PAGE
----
Valerie Loveland


The road no longer had lines
or street lights,
just a white wooden house with peeling paint
or a log cabin about every five miles,
then every fifteen,
then they stopped showing at all.

The van's lights could no longer rip
through the thick dark air to lead me.

Stars disappeared from the black sky one by one.
The moon slammed shut.

The road narrowed as the forest closed in,
I shifted from traveling in the black air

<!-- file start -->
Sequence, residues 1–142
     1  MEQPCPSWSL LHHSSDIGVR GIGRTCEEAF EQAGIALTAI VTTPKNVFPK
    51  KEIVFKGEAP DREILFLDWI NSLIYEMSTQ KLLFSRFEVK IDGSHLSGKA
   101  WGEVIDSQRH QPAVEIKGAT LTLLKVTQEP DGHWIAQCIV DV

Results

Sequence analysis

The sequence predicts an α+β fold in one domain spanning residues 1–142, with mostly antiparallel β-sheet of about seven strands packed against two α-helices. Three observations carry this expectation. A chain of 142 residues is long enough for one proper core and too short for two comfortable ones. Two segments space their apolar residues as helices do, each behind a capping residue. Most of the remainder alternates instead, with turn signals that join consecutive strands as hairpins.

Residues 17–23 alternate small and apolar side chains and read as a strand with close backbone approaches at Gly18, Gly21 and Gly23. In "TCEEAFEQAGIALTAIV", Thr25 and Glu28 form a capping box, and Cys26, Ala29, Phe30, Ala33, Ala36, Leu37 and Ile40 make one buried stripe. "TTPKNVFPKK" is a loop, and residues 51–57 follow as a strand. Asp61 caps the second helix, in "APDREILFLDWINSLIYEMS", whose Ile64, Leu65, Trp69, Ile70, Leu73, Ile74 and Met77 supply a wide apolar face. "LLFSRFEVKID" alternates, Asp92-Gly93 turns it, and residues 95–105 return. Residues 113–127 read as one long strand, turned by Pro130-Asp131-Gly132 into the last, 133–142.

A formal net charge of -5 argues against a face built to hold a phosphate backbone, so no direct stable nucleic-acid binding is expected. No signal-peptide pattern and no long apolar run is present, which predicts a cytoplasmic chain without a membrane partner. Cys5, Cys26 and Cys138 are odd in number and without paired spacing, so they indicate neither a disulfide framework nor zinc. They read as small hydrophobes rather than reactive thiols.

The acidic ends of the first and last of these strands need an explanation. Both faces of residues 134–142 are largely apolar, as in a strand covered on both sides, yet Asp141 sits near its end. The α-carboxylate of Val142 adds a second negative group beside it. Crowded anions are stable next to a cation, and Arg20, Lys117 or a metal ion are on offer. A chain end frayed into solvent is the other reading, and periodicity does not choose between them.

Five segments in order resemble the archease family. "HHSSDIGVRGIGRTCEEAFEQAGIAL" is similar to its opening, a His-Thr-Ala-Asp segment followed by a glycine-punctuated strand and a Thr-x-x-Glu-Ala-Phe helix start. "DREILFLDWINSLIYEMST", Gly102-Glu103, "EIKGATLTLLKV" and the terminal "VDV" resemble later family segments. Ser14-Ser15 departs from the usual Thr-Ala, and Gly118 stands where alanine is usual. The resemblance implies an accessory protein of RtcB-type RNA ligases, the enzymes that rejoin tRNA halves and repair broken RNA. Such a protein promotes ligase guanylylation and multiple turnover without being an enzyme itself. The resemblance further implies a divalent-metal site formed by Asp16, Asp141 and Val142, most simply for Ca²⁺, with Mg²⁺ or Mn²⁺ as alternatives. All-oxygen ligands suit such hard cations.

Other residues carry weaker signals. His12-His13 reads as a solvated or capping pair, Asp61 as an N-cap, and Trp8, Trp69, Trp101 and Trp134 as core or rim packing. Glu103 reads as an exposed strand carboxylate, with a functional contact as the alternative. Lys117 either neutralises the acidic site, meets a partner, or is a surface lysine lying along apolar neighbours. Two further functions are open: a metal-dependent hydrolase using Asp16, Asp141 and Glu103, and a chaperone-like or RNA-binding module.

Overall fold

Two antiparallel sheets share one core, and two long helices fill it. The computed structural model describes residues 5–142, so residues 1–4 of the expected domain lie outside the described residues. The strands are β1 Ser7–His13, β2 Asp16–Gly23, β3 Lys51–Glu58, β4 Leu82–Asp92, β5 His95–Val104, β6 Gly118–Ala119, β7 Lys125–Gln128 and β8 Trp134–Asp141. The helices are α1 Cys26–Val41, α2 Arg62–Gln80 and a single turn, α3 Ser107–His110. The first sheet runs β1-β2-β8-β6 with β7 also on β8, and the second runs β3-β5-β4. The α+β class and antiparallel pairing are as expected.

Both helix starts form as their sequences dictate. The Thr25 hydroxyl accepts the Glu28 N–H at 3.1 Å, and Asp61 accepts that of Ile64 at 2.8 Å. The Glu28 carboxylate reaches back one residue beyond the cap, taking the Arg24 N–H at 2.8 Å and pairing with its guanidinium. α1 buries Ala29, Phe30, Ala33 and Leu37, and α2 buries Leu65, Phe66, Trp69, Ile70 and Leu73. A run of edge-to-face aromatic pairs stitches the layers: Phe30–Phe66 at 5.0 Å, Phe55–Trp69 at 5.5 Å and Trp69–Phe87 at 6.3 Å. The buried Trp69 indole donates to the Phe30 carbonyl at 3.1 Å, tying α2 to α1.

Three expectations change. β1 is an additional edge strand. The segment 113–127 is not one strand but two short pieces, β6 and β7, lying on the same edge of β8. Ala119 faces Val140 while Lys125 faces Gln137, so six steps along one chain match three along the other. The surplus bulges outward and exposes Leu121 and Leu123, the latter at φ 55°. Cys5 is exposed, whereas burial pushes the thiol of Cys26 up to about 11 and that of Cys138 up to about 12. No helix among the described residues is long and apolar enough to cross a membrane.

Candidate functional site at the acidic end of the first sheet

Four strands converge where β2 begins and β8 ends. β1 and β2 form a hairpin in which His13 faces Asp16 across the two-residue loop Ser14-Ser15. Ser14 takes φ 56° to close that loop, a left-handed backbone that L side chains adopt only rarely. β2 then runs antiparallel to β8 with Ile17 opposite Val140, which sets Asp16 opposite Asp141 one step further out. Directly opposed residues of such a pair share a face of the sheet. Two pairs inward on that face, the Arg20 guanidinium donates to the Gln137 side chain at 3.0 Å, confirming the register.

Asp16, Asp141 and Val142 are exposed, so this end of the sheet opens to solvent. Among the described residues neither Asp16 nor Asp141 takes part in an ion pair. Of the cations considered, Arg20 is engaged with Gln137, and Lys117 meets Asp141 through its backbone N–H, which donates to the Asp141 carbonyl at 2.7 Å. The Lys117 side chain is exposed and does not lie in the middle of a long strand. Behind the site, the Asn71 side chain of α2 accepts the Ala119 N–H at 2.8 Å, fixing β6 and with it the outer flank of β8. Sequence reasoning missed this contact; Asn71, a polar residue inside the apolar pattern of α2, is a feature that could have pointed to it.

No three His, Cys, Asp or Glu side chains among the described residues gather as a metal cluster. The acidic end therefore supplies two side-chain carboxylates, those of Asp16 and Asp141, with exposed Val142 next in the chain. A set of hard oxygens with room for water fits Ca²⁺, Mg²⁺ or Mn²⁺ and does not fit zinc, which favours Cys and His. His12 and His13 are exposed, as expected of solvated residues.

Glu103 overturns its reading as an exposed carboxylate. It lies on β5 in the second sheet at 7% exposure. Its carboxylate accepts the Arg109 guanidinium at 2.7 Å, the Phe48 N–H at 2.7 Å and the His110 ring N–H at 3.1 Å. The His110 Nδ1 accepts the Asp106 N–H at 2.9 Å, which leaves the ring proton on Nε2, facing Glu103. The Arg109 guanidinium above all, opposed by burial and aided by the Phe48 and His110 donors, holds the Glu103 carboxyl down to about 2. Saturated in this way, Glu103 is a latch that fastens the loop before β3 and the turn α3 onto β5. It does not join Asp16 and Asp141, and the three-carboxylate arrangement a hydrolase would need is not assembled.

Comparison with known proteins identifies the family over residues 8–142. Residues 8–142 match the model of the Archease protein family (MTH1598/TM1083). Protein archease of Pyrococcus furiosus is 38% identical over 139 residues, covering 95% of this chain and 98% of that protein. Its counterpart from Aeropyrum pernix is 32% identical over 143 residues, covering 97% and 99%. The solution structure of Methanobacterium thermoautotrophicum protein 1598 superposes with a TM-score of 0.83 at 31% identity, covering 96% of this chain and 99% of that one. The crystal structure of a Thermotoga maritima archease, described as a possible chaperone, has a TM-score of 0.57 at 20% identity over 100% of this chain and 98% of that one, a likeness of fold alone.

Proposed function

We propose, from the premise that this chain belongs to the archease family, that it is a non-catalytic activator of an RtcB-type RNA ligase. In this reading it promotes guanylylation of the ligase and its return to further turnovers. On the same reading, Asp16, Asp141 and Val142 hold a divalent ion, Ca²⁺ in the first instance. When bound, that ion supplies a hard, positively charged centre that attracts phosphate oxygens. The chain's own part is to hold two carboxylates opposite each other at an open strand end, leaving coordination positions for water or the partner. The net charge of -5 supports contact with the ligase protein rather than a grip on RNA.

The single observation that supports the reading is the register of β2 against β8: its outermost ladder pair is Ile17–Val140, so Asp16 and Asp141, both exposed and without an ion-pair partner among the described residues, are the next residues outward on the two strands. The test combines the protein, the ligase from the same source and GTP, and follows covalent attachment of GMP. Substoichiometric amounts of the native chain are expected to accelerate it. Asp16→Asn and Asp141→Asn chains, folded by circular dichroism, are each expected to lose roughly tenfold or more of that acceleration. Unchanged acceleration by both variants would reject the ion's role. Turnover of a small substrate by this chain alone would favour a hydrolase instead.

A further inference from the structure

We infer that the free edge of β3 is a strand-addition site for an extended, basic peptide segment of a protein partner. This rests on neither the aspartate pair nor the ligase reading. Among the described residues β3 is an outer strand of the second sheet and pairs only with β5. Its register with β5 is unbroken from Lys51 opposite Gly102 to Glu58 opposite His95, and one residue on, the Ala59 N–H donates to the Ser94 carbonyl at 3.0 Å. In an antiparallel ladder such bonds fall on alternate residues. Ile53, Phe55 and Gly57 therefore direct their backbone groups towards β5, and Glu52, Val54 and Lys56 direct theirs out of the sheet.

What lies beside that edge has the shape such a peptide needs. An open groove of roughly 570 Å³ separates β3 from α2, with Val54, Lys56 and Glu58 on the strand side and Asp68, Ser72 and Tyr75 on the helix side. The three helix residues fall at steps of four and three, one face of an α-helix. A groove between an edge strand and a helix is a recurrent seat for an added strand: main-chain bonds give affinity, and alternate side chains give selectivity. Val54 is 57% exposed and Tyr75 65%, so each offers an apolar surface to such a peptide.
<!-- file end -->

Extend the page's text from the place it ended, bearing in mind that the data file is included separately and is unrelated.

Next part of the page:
to the black dirt without noticing.

Sap wafted in through the side windows of the van;
roots and worms coiled in the dirt.

The dirt was alive.

Moles and millipedes were shaken awake, annoyed
by the van rattling by -
ants momentarily stopped their construction to stare.

I entered the difficult rock
of the Earth's mantle wondering
if I would turn back before the core,

but I knew I wouldn't --
not until magma spilled in the car windows
blind, red hot, and furious.

Valerie Loveland works as a receptionist at a pet resort in Austin, Texas. To read more of her poems, visit her website:

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